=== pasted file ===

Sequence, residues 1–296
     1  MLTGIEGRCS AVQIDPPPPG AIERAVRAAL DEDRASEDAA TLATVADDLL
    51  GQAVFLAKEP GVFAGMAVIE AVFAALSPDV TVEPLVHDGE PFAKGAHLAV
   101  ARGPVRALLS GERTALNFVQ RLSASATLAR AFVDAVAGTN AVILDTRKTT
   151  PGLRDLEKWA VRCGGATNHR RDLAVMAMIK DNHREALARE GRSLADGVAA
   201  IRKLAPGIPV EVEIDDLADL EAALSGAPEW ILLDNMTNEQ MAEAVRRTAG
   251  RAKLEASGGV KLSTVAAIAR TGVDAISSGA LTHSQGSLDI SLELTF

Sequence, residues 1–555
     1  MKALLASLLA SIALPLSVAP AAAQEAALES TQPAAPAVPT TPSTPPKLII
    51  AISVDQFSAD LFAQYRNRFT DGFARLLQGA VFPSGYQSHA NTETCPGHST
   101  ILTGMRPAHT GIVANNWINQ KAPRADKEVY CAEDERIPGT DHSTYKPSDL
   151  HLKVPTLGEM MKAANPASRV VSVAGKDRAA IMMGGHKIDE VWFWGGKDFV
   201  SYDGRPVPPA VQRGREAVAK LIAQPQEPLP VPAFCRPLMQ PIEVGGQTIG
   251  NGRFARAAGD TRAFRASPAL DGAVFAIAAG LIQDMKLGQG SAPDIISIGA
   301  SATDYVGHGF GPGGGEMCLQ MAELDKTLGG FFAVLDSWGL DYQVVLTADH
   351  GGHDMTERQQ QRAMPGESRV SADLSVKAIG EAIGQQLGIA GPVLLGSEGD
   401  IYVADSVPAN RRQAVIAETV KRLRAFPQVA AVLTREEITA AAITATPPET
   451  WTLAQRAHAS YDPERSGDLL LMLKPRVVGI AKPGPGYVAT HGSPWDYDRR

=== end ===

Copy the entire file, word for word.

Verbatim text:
Sequence, residues 1–296
     1  MLTGIEGRCS AVQIDPPPPG AIERAVRAAL DEDRASEDAA TLATVADDLL
    51  GQAVFLAKEP GVFAGMAVIE AVFAALSPDV TVEPLVHDGE PFAKGAHLAV
   101  ARGPVRALLS GERTALNFVQ RLSASATLAR AFVDAVAGTN AVILDTRKTT
   151  PGLRDLEKWA VRCGGATNHR RDLAVMAMIK DNHREALARE GRSLADGVAA
   201  IRKLAPGIPV EVEIDDLADL EAALSGAPEW ILLDNMTNEQ MAEAVRRTAG
   251  RAKLEASGGV KLSTVAAIAR TGVDAISSGA LTHSQGSLDI SLELTF

Sequence, residues 1–555
     1  MKALLASLLA SIALPLSVAP AAAQEAALES TQPAAPAVPT TPSTPPKLII
    51  AISVDQFSAD LFAQYRNRFT DGFARLLQGA VFPSGYQSHA NTETCPGHST
   101  ILTGMRPAHT GIVANNWINQ KAPRADKEVY CAEDERIPGT DHSTYKPSDL
   151  HLKVPTLGEM MKAANPASRV VSVAGKDRAA IMMGGHKIDE VWFWGGKDFV
   201  SYDGRPVPPA VQRGREAVAK LIAQPQEPLP VPAFCRPLMQ PIEVGGQTIG
   251  NGRFARAAGD TRAFRASPAL DGAVFAIAAG LIQDMKLGQG SAPDIISIGA
   301  SATDYVGHGF GPGGGEMCLQ MAELDKTLGG FFAVLDSWGL DYQVVLTADH
   351  GGHDMTERQQ QRAMPGESRV SADLSVKAIG EAIGQQLGIA GPVLLGSEGD
   401  IYVADSVPAN RRQAVIAETV KRLRAFPQVA AVLTREEITA AAITATPPET
   451  WTLAQRAHAS YDPERSGDLL LMLKPRVVGI AKPGPGYVAT HGSPWDYDRR